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Environmental impacts and implications of tropical carrageenophyte seaweed farming

TitleEnvironmental impacts and implications of tropical carrageenophyte seaweed farming
Publication TypeJournal Article
Year of Publication2020
AuthorsKelly E.LA, Cannon A.L, Smith JE
Date Published2020/02
Type of ArticleReview; Early Access
ISBN Number0888-8892
Accession NumberWOS:000514465200001
KeywordsAlgae; algas; arrecife de; bay; Biodiversity & Conservation; coral; coral reef; dugongs dugong-dugon; ecosystem; environmental impact; Environmental Sciences & Ecology; growth; gulf; impacto ambiental; kappaphycus-alvarezii; mannar; mariculture; pastos marinos; rhodophyta; seagrass; seagrass beds
Abstract

Field-based cultivation of Kappaphycus and Eucheuma seaweeds is widespread across the tropics and is largely done to extract the polysaccharide carrageenan, which is used in commercial applications. Although such seaweed farming has been cited as a sustainable alternative livelihood to destructive fishing, there has not been a comprehensive review of its environmental impacts to assess its potential conservation benefit. We reviewed the peer-reviewed and industry gray literature to determine what is known about seaweed farming techniques and their impacts on local ecosystems, organisms, and ecosystem services. We identified 43 tropical or subtropical countries that are currently cultivating or have cultivated carrageenophytes. Ecosystem impacts of seaweed farming were measured directly in 33 publications with variable results. Placement of seaweed farms above seagrass beds led to reduced productivity and shoot density in 5 studies and reduced or altered meiofaunal abundance and diversity in 6 studies. On coral reefs, overgrowth of corals by farmed seaweed species was documented in 8 cases. Two studies showed changes to herbivorous fish communities in adjacent areas because seaweed farms changed the environment, whereas in 2 studies measures of overall abundance or diversity did not change. The impacts of seaweed farming may not be as destructive as some other human activities, but they should still be considered when establishing new farms or managing existing farm sites. Our findings are consistent with suggestions to mitigate impact on local ecosystems by shifting seaweed farms to deeper, sandy-bottom areas. However, some of these changes may adversely affect farmers and associated communities.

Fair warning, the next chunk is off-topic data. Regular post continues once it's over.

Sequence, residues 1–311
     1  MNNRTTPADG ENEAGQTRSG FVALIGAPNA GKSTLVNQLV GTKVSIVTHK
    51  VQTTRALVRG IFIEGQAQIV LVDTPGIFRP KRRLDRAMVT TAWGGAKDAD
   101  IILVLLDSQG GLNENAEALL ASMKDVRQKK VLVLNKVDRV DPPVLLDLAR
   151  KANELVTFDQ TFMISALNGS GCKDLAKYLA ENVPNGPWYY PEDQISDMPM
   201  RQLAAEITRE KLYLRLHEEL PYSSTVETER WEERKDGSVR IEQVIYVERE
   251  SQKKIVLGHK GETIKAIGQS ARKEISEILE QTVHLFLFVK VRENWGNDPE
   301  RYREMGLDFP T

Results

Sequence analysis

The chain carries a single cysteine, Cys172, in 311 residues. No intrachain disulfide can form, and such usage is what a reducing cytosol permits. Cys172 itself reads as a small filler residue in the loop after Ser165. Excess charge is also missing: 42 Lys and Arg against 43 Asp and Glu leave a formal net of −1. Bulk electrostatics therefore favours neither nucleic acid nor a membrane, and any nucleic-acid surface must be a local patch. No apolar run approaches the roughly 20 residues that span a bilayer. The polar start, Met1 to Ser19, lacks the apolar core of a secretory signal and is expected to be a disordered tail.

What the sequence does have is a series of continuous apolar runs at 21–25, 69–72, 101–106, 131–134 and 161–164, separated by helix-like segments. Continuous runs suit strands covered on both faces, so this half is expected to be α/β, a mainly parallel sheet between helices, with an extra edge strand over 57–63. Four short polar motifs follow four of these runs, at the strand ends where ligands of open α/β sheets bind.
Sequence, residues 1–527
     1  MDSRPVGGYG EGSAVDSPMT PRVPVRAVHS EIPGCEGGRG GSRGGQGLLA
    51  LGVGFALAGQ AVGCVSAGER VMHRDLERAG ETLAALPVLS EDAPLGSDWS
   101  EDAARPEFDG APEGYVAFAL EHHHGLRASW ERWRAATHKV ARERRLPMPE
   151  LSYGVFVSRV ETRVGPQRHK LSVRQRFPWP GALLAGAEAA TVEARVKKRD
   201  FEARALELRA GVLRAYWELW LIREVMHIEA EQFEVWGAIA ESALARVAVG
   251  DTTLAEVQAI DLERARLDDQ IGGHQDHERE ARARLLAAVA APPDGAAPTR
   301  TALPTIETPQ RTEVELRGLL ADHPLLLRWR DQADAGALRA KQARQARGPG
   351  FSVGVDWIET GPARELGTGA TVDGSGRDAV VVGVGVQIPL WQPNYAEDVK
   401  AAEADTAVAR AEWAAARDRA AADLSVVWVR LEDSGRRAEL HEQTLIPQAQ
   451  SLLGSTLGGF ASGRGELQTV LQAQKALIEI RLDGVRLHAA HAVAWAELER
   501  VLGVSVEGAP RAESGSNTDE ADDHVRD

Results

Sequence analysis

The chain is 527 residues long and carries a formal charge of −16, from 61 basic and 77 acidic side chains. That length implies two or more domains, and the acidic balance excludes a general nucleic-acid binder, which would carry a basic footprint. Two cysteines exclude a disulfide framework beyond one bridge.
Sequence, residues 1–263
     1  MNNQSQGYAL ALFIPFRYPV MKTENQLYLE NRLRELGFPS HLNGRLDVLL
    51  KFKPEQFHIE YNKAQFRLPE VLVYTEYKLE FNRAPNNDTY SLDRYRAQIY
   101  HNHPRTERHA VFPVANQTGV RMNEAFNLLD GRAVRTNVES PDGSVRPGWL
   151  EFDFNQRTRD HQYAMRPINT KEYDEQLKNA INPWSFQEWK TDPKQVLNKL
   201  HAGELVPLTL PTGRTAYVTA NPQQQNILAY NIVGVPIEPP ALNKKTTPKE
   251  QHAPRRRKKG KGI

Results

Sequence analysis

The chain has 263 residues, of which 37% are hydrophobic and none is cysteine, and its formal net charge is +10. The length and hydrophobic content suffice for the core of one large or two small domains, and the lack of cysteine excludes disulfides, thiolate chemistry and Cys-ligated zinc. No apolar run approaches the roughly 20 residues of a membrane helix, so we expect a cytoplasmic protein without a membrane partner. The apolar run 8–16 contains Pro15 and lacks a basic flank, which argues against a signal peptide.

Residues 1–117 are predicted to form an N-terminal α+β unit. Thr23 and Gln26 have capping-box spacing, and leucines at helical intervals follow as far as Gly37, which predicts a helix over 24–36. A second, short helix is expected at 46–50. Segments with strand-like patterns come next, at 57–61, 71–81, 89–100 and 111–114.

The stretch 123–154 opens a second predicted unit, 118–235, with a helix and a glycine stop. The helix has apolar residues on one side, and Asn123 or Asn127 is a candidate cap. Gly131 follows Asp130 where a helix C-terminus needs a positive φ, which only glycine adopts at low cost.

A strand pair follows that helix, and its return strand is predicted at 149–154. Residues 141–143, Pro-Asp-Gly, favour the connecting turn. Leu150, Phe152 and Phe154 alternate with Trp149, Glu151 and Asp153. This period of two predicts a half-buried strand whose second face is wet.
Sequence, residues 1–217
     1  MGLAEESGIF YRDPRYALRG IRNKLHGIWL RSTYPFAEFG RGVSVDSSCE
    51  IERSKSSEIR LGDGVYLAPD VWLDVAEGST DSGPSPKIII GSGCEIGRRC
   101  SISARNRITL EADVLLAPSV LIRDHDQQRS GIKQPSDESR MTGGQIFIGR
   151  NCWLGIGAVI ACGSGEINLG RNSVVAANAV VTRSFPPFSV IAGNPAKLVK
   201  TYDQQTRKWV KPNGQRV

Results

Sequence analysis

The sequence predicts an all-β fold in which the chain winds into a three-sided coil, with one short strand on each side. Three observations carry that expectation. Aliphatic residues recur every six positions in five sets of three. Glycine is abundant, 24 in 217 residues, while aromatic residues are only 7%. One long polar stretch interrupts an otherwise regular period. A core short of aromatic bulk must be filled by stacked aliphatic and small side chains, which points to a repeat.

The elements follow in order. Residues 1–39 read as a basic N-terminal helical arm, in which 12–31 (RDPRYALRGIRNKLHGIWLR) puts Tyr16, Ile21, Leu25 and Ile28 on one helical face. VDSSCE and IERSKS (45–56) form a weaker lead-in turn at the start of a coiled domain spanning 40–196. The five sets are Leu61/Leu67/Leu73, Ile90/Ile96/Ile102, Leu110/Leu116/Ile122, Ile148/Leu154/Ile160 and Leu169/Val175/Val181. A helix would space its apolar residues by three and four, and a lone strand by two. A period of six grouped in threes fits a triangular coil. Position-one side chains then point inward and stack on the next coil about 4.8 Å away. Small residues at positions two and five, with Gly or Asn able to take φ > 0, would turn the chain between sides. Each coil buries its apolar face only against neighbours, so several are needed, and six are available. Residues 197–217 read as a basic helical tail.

DOI10.1111/cobi.13462
Student Publication: 
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